Osage artist and educator Clancy Gray named 2019 ‘Red Earth Honored One’

Photo caption: Oklahoma City Mayor David Holt, Osage, and family pose for a photo with Clancy Gray at his booth at the 2019 Red Earth art fair. Courtesy Photo/Darl DeVault

Osage sculptor, painter and jeweler Clancy Gray is named ‘Red Earth Honored One’ for 2019, an award bestowed upon a Native master visual artist whose support of Indian art has been substantial throughout his life. Gray was recognized during the 33rd Red Earth Festival at the Cox Convention Center in downtown Oklahoma City.

Gray, 70 and currently resides in Broken Arrow, is a longtime art teacher in the Greater Tulsa area. He specializes in pottery, painting, sculpting, and designing jewelry in the traditional and contemporary style. Gray has produced collectible quality fine art by creating various Native American and North American Wildlife styles, according to a press release.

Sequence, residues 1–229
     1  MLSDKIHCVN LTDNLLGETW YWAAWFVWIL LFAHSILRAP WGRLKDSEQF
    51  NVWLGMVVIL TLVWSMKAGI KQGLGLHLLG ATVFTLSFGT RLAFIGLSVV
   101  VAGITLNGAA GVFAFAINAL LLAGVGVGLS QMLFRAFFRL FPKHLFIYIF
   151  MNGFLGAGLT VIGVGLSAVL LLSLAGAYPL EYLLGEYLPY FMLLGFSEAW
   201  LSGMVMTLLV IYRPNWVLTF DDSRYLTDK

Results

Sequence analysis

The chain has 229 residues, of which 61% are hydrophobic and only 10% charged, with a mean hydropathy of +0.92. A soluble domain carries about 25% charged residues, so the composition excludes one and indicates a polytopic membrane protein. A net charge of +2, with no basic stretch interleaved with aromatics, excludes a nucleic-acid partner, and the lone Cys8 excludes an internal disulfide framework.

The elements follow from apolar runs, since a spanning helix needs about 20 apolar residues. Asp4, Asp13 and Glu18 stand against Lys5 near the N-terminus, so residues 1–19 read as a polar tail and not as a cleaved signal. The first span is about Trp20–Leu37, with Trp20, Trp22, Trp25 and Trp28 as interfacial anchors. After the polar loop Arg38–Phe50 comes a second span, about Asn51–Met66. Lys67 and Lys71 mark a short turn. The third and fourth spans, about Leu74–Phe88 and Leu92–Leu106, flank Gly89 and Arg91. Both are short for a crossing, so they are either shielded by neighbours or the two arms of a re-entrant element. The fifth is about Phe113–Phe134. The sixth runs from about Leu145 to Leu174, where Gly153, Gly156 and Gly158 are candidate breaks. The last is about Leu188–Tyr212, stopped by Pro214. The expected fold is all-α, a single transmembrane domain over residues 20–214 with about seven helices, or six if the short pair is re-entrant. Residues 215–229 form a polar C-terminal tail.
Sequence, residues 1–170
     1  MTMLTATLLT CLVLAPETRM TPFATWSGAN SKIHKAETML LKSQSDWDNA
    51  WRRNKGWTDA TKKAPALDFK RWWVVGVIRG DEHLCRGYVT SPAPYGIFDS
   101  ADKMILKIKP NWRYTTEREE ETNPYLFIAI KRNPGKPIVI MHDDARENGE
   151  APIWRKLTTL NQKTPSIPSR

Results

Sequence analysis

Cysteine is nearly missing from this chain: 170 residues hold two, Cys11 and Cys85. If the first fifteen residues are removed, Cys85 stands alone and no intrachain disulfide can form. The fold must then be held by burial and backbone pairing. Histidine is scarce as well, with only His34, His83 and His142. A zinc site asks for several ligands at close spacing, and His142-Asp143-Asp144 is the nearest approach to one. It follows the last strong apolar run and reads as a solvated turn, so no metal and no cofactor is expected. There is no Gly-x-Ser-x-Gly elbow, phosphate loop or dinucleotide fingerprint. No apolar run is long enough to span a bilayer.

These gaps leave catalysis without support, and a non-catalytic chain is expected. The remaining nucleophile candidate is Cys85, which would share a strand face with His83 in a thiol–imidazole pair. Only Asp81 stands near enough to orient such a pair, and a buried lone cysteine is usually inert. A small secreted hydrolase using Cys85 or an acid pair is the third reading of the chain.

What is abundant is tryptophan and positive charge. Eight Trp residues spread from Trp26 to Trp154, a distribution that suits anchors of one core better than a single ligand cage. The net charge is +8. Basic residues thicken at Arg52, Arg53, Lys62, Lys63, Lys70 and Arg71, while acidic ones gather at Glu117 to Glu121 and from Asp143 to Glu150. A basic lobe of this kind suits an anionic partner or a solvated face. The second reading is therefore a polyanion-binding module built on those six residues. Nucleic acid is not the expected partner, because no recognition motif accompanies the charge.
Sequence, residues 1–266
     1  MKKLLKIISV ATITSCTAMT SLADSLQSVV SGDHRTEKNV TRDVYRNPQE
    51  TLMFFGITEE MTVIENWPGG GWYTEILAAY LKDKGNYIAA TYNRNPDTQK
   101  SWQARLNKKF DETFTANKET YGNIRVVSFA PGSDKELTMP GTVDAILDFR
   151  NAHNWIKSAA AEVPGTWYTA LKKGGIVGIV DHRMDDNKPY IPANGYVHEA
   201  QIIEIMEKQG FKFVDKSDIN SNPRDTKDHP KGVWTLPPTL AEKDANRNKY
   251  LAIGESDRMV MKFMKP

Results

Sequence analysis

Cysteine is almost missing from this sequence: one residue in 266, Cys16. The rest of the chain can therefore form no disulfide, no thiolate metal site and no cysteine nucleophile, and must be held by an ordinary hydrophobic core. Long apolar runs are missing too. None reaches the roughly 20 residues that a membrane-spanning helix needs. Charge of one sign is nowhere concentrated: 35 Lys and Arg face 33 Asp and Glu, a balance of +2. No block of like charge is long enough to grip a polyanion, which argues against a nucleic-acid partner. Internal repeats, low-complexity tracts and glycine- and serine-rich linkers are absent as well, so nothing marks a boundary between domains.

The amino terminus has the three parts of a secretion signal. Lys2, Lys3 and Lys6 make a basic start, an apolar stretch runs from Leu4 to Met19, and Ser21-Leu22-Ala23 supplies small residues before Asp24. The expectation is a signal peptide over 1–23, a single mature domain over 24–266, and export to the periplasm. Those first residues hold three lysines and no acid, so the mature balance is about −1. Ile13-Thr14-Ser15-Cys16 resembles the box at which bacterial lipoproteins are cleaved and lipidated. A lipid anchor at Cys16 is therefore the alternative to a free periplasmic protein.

He went on to earn a master's degree in education at UCO and also coached boys and girls soccer, boys baseball, girls softball, boys and girls cross-country and boys and girls swimming, according to the release.

In 2015, the Red Earth Art Center presented “In the Spotlight: The Art of Clancy Gray” in its downtown Oklahoma City gallery. The mixed media show, extended by popular demand, was on display at the facility that also serves as headquarters for planning the annual Red Earth Festival, according to the release.

Gray sells his artwork and traditional and contemporary style jewelry at area art shows. Locally, he displays his work at the Greater Tulsa Indian Arts Festival, Red Earth Festival in Oklahoma City, The Cherokee Art Market in Tulsa and the Oklahoma Indian Summer Festival, according to the release.

Red Earth, Inc. is an Allied Arts member agency and is funded in part by the Chickasaw Nation, Choctaw Nation, Oklahoma Arts Council, National Endowment for the Arts, and the Oklahoma City Convention & Visitors Bureau. Red Earth, Inc. is a 501 (c)3 non-profit organization with a mission to promote the rich traditions of American Indian arts and cultures through education, a premier festival, a museum and fine art markets.